Fact Check

Jada Cohen

Will forwarding an email help Jada Cohen, a premature baby requiring expensive medical care?

Published Jun 1, 1999


Claim:   A billionaire has promised 5¢ per e-mail forward to help Jada, a premature baby who requires expensive medical care.

Status:   False.

Example:   [Collected on the Internet, 1999]

Dear friends,

My name is Anna Cohen and I live in Albany New York.

My daughter Liz recently had a baby girl named Jada 2 months early. Jada has many problems with her heart and lungs and medical costs have become extremely expensive. Jada was recently moved to a hospital in California and the move was very expensive.

A billionaire in California has promised to give $.05 for every time this email is forwarded. If you wouldn't mind forwarding this to everyone on your list I would greatly appreciate it as well as my daughter and little Jada. This could save a life. Please have a heart and forward this. Remember: What goes around comes around.

Thank you,
Anna Cohen

Origins:   This plea to help a premature baby in Albany, New York, began circulating on the Internet in November 1998. In common with similar entreaties, an unnamed wealthy benefactor is said to be poised to help a sick or injured child to the tune of so many cents per e-mail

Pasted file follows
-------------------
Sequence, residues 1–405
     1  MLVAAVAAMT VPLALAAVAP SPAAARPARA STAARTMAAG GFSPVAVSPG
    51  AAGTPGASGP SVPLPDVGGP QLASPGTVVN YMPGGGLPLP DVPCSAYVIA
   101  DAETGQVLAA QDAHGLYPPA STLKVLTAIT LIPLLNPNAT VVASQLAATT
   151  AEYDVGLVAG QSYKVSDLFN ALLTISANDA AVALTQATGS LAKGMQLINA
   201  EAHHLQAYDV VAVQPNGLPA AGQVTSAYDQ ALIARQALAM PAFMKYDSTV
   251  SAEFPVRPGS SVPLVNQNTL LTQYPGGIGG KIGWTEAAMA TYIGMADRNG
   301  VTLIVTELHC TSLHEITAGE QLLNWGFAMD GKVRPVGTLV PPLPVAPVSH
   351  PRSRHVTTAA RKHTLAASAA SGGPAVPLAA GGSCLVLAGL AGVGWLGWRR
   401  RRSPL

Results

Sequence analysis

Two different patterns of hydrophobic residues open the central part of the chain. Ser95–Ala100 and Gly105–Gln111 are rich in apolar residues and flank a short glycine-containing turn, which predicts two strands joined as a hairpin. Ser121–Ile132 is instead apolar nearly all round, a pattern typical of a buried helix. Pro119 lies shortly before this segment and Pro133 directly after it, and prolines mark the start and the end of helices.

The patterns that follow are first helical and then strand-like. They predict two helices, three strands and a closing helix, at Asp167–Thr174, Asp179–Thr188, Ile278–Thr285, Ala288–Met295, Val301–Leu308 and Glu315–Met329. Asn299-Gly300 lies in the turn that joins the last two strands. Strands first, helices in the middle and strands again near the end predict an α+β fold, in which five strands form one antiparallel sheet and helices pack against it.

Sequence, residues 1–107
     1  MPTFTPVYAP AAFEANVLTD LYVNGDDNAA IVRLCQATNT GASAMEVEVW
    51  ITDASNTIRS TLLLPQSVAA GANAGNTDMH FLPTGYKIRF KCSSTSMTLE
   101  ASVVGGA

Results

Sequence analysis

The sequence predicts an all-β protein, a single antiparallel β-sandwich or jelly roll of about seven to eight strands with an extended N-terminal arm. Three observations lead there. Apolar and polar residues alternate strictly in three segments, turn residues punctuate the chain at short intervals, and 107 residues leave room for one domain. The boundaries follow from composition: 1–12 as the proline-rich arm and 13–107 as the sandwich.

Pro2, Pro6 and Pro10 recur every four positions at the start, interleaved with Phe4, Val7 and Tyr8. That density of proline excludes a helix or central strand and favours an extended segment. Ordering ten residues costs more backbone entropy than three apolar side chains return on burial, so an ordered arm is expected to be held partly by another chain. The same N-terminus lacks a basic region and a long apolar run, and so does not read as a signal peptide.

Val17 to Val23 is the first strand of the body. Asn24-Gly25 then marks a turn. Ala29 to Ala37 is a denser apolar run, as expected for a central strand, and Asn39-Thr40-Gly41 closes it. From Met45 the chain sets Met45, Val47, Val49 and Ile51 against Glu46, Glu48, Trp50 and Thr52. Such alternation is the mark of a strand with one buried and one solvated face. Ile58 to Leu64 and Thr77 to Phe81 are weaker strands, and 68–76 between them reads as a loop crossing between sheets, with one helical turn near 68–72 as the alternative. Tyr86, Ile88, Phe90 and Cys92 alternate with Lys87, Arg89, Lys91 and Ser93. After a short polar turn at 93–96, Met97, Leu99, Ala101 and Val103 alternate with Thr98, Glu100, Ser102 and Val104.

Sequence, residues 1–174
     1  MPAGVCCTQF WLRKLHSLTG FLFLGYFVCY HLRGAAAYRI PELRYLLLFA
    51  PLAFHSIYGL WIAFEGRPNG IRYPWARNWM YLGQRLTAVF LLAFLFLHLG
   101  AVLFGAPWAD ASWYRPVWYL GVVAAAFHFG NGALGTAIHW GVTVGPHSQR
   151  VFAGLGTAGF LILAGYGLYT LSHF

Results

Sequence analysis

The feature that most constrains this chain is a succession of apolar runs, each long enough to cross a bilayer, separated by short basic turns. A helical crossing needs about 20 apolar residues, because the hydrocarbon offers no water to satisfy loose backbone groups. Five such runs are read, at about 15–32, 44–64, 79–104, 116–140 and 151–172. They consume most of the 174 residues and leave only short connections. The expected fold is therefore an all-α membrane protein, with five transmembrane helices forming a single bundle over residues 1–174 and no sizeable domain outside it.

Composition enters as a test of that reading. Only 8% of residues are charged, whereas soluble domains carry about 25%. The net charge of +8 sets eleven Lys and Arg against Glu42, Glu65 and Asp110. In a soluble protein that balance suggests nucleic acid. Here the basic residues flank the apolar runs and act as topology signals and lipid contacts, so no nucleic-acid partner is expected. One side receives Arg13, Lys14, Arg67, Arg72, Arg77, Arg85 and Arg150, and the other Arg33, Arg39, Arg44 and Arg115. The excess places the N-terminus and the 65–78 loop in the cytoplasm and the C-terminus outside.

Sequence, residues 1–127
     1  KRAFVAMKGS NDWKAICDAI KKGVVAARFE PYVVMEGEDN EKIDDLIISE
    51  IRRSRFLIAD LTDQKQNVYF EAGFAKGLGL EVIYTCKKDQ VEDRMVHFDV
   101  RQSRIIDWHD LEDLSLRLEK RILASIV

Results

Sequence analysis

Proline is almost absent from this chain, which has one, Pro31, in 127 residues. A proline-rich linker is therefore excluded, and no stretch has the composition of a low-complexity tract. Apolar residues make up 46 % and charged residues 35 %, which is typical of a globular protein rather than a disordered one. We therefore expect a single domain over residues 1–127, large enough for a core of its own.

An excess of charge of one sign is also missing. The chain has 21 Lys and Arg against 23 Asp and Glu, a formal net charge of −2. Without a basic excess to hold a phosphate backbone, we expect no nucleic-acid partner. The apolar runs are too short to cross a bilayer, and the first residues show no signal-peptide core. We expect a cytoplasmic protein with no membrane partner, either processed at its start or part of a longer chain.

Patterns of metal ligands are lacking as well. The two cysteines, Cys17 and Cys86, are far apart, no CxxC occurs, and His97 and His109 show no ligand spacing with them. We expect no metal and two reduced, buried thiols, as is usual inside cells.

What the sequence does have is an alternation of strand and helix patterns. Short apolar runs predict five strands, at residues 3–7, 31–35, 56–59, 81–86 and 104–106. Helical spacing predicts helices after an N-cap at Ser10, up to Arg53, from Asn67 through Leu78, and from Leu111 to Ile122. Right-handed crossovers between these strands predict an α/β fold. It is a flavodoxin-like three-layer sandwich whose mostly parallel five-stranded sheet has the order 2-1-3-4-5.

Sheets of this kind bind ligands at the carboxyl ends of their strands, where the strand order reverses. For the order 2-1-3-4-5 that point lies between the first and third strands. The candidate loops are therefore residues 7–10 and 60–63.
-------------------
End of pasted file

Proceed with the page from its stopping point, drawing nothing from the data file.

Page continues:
Before you give in to the temptation to ask all of your friends to help, think about this: Why would a billionaire committed to aiding the family of an injured child make the degree of his participation contingent upon the number of e-mails garnered by the plea?

The idea that an anonymous benefactor would be kind enough to want to underwrite the cost of a child's care yet heartless enough to insist upon making the amount of such help dependent on something as frivolous as Internet participation seems absurd. If there really were such a person, why wouldn't he just write a check for whatever amount the family needed?

Another question to ask yourself: how would the billionaire know how many e-mails have been forwarded (and thus how much to write the check for)? The note contains no instructions about sending a copy to a central gathering point, so there's no one doing the counting.

Jada Cohen, the child mentioned in this e-mail is fictitious: no amount of searching has turned up anything about her or the e-mail campaign to fund her care. Consider this plea the cyber equivalent of someone's ringing the doorbell and running away.

Barbara "jaded about jada" Mikkelson

Last updated:   27 March 2005